Phase III ENZAMET trial, presentet at ASCO´s Plenary Session, shows that 80% of men with metastatic hormone-sensitive prostate cancer who received enzalutamide along with docetaxel were alive after 3 years compared with 72% of men who received other non-steroidal anti-androgens along with docetaxel.
An interim analysis of the international randomized, phase III ENZAMET trial found that 80% of men with metastatic hormone-sensitive prostate cancer (mHSPC) who received the non-steroidal anti-androgen (NSAA) medicine enzalutamide along with the standard of care treatment were alive after 3 years compared with 72% of men who received other NSAAs along with standard treatment. The study was led by the Australian and New Zealand Urogenital and Prostate (ANZUP) Cancer Trials Group.
“Physicians and patients with prostate cancer now have a new treatment option with enzalutamide, and this is especially relevant for men who cannot tolerate chemotherapy and have a lower burden of disease seen on scans,” said study co-chair Christopher Sweeney, MBBS, a medical oncologist at the Lank Center for Genitourinary Oncology, Dana-Farber Cancer Institute, Boston, MA.
“In men with metastatic prostate cancer starting testosterone suppression, enzalutamide and docetaxel are both active and are reasonable alternatives but have different side effects, costs, risks, and benefits,” said study co-chair Ian D. Davis, PhD, Monash University Eastern Health Clinical School in Melbourne, Australia.
About the Study
Men with mHSPC were randomly assigned between March 2014 and March 2017 to receive an injection of a testosterone-suppressing medicine (such as goserelin, leuprolide, or degarelix) with either a 160-milligram enzalutamide pill daily or one of three standard NSAAs: bicalutamide, nilutamide, or flutamide. Of the 1,125 men enrolled in the trial, 503 men received early doses of docetaxel and 602 did not. Men were followed for a median of 34 months.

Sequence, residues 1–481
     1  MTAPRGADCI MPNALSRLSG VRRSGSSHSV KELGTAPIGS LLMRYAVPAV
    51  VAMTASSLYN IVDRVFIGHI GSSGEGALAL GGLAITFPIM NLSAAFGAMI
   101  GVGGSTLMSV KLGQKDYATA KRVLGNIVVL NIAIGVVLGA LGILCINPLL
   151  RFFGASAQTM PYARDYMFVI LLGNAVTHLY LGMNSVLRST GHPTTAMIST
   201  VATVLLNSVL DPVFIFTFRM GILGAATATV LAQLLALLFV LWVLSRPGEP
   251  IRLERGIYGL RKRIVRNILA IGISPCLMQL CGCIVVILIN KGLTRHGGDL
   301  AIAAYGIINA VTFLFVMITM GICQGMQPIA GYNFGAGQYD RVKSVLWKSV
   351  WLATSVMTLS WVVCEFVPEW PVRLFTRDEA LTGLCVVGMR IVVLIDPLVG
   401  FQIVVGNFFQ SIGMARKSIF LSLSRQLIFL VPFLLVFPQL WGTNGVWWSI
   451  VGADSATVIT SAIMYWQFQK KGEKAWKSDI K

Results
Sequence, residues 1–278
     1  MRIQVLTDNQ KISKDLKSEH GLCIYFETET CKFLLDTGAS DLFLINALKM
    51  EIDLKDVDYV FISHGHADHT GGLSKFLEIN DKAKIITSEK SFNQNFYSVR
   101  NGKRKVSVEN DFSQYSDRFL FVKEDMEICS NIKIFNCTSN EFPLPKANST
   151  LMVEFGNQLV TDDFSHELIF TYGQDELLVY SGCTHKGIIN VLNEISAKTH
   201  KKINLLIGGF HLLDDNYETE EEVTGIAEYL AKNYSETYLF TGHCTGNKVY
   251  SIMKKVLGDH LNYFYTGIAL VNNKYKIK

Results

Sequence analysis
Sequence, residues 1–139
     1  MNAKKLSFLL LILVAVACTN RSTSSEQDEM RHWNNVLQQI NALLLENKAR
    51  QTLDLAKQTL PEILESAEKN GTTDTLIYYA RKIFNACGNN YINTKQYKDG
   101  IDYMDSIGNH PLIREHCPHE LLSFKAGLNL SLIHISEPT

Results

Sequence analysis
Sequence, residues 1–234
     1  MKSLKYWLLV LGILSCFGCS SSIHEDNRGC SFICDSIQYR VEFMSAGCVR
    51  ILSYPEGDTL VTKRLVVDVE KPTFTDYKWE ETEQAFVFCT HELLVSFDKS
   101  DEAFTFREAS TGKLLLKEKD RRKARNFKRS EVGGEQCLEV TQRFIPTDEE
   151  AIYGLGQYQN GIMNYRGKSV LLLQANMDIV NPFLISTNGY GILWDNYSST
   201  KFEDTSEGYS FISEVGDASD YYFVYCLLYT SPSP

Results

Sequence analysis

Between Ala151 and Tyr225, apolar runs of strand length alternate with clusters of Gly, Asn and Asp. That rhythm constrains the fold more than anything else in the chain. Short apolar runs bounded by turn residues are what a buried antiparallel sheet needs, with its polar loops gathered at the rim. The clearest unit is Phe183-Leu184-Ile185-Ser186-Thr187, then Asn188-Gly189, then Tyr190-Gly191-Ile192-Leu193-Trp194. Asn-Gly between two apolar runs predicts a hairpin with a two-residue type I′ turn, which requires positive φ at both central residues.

After 3 years, 80% of men with metastatic hormone-sensitive prostate cancer who received enzalutamide along with testosterone suppression, with or without early docetaxel, were alive compared with 72% of men who received one of the other three NSAAs in the trial. Overall, there was a 33% decrease in the risk of death in men receiving enzalutamide compared to those who took an NSAA.
Researchers further analyzed the data to identify the impact of enzalutamide in key groups at the 3-year mark:
- Of 596 men with a higher amount of disease on imaging scans, 71% taking enzalutamide were alive compared with 64% taking another NSAA.
- Of 529 men with a low amount of disease on imaging scans, 90% taking enzalutamide were alive compared with 82% taking another NSAA.
- The increase in survival with enzalutamide was most obvious in men who did not receive docetaxel: among patients who received enzalutamide without docetaxel, 83% were alive compared with 70% taking another NSAA.
- 64% of men were still taking enzalutamide compared with 36% of men taking another NSAA at the time of the first analysis of the data. Serious adverse events occurred in 42% of men taking enzalutamide compared with 34% of the men taking one of the other NSAAs.
Dr. Sweeney noted that a survival benefit is not seen with docetaxel in men with a low volume of disease, but that enzalutamide does improve survival in these men. Enzalutamide is a new option for men with metastatic hormonesensitive prostate cancer and is superior to current standard therapy.
The results from this trial are being compiled with results from other similar trials so that researchers have a dataset that includes over 10,000 men. With that large dataset at hand, researchers hope to be able to make extensive comparisons between medicines and determine which might benefit specific groups of men the most, according to Dr. Sweeney.